Ouch! My last post here was more than two months ago. I’m not a big believer in New Year’s resolutions but I’ve just decided that mine should be to post more often. Turns out there’s a direct, inverse correlation between my workload and blog post velocity…
2010 was a great year for me personally – I’ve never felt more engaged and excited about work than I am now at Founders Co-op – but so much of what we’re up to isn’t (yet) public information that a big chunk of my usual blog fodder is off-limits. I’ll just stick to the broad themes for now and fill in some of the details as we go…
- We’re fixing a hole. When we started the fund we didn’t really know how large the local market for seed-stage capital would be. With such a small first fund we just figured there’d be at least enough for us to get in business and figure it out. Over the past two years we’ve come to believe that the Pacific Northwest has the biggest imbalance of talented software entrepreneurs in need of seed funding of any major market in the U.S. With the help of our extended network of limited partners and mentors we’ve sprinted into that market gap and now have a great offering for every level of early-stage company, from TechStars Seattle for founders at at the earliest stages, to Founders Co-op for seed- and early-stage deals, all the way up to RevenueLoan at the top end.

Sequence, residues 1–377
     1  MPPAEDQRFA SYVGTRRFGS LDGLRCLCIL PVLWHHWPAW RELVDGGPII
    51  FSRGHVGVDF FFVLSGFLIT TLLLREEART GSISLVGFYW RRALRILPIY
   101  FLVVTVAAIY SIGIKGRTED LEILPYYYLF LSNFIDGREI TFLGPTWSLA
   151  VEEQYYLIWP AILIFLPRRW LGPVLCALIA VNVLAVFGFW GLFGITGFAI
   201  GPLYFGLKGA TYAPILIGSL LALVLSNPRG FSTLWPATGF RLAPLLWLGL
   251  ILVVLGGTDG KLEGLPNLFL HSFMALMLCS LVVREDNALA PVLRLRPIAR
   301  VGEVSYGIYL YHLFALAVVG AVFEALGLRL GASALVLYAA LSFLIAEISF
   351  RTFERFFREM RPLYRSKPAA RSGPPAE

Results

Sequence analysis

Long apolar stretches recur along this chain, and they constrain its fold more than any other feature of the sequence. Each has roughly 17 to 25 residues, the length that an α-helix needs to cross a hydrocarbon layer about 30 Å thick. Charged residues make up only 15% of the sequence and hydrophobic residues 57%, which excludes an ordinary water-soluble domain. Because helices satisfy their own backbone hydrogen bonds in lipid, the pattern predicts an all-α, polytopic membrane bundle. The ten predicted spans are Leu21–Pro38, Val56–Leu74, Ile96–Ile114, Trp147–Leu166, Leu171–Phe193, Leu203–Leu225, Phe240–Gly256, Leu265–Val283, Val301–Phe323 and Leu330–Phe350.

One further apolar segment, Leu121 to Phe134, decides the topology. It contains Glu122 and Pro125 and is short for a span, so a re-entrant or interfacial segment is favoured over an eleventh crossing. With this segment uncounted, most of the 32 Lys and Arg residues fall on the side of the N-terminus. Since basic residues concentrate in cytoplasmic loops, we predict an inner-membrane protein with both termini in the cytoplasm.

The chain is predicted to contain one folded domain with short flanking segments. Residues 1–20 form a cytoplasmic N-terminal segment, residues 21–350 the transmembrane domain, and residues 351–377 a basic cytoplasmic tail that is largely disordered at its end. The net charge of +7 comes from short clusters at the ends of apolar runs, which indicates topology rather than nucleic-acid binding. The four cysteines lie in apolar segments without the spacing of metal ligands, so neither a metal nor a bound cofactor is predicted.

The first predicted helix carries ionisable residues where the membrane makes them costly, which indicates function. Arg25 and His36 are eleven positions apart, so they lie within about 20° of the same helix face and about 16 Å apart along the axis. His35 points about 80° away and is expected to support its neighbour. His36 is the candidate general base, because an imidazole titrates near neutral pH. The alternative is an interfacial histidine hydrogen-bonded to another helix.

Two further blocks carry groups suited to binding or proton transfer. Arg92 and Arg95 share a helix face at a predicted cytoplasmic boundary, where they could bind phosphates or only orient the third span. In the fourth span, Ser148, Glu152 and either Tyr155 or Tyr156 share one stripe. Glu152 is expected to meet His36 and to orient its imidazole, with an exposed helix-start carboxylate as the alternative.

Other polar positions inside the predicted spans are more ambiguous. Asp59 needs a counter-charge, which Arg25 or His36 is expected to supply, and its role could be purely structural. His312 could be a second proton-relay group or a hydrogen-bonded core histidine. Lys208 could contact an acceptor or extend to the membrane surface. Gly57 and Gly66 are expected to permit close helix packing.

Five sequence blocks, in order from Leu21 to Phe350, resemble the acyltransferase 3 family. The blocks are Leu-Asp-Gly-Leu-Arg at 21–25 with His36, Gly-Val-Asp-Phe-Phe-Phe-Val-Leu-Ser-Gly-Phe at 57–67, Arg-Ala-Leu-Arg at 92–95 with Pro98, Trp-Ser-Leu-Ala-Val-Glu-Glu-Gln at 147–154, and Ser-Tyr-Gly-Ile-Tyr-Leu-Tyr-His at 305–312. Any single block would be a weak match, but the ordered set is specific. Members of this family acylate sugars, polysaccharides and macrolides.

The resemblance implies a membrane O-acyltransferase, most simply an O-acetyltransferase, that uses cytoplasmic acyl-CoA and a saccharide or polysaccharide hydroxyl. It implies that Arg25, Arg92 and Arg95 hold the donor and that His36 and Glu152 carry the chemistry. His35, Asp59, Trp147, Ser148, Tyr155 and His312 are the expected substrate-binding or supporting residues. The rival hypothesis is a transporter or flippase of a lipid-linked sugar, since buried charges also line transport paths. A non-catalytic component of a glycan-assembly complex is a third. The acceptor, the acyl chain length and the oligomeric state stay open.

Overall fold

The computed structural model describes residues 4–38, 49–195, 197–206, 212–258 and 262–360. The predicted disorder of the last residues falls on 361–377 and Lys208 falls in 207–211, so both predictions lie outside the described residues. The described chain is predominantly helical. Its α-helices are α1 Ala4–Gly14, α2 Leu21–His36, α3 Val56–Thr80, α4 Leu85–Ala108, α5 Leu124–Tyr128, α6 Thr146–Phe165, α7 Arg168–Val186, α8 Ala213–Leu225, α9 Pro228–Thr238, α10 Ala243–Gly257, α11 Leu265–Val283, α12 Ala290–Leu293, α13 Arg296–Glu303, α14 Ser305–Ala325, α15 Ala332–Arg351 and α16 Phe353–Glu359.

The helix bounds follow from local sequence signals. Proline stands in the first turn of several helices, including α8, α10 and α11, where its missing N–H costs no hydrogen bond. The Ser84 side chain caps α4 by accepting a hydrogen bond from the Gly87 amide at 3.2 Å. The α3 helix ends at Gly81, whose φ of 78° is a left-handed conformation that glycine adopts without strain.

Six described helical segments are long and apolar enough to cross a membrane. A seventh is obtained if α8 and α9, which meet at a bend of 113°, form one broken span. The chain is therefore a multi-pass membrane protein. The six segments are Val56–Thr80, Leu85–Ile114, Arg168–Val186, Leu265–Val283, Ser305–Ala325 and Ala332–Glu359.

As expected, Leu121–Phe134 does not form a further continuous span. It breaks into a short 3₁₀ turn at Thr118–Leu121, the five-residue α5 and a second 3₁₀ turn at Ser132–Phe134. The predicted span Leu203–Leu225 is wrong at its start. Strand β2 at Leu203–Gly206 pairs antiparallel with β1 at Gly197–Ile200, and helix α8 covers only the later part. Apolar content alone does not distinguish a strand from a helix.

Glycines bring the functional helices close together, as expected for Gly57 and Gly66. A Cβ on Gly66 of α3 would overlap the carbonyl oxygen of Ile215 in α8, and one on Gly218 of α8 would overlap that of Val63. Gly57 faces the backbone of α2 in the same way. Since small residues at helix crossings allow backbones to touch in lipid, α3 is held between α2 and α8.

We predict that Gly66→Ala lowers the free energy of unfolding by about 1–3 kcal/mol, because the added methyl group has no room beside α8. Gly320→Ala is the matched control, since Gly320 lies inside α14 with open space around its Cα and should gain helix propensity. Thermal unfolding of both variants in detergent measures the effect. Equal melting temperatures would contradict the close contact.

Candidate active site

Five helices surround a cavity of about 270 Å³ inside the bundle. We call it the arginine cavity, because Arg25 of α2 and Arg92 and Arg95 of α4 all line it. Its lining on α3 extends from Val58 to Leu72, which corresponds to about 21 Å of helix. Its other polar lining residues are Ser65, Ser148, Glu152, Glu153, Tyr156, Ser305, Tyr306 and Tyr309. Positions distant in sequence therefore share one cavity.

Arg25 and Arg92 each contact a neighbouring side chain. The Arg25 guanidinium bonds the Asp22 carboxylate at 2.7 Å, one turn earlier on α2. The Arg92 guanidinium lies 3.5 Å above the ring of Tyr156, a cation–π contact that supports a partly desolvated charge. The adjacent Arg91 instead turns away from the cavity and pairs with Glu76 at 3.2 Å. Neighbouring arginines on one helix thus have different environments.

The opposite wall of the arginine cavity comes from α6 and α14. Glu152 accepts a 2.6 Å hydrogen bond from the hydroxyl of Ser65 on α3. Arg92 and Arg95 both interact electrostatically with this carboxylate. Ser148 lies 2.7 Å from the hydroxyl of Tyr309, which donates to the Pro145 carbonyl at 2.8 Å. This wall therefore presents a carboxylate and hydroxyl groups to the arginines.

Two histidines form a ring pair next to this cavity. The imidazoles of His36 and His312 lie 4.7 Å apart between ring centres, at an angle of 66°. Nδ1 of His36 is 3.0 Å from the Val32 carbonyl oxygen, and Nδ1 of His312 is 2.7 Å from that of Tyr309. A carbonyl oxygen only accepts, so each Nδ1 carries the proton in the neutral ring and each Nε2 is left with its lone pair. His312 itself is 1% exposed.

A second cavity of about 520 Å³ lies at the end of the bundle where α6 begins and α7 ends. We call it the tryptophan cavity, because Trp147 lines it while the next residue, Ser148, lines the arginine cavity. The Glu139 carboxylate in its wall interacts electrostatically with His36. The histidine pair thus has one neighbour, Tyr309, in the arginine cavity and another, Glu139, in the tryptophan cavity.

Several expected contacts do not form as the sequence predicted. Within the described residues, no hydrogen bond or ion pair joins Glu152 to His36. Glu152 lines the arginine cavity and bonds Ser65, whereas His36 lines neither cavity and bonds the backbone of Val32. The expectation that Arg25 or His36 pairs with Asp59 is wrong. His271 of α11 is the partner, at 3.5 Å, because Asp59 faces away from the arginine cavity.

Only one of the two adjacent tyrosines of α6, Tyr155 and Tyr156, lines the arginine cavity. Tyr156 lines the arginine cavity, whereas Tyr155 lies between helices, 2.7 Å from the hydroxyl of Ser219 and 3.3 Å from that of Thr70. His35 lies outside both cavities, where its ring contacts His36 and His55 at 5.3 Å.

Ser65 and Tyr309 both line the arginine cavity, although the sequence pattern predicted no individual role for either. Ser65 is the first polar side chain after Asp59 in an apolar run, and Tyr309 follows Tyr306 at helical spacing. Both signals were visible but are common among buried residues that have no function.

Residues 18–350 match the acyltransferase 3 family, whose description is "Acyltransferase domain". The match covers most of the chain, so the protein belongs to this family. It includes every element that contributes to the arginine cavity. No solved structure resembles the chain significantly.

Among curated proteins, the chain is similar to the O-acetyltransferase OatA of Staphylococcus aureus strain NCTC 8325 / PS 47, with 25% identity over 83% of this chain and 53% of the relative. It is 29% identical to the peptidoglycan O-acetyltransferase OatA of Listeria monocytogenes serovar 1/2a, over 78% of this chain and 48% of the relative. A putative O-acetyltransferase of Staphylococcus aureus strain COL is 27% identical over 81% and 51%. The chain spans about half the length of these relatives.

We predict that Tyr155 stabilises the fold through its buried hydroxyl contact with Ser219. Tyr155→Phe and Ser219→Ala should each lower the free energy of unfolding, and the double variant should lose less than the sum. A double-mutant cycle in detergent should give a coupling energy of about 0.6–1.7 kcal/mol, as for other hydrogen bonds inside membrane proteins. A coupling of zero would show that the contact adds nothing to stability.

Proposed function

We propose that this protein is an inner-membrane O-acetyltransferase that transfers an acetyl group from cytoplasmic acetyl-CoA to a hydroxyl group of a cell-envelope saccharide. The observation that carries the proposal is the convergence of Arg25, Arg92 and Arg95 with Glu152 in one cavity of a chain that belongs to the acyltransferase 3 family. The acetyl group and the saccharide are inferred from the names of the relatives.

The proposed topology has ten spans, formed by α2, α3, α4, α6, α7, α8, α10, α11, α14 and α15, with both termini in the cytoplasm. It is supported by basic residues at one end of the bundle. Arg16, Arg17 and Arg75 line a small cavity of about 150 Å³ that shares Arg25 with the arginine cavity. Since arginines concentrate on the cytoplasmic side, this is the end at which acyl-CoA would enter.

- We’re community-powered. When we started Cooler Planet – our first post-Judy’s Book investment – Founders Co-op was just me and Andy running around and waving our hands. But with each successive investment – by our LPs in the fund, or by the fund into a portfolio company – we’ve added incredible new people to our extended community. Af first we didn’t really know how to harness all that talent and brainpower, but eventually we figured out that by cross-linking everyone in our community with everyone else – with liberal pours of Makers Mark to keep the conversation flowing – we were actually building an entrepreneurial family that was much stronger and more effective than we could ever have been on our own. Not only do founders and LPs now know each other and feel comfortable connecting directly with each other, the community has also become our best source of introductions to new people and companies who might want to join up.
- We’re learning all the time. Investing in emerging technologies is a license to feed your brain 24×7. First there’s the constant, global firehose of new companies, ideas, core technologies and applications all jockeying for customers, money and market share. Crystallizing that flow into a point of view about the future and mapping it against the fascinating array of individuals and teams seeking help with their entrepreneurial journey. The discipline of investing itself – raising money, evaluating deals, making bets and managing upstream financing risk. And – most important of all – staying connected with your growing family of founders, investors and operating companies so you know where and how to help.
With these themes in mind, I’m incredibly excited about 2011. If all I get to do is more of the same stuff I did in 2010 it’s going to be a very good year indeed.
Happy New Year!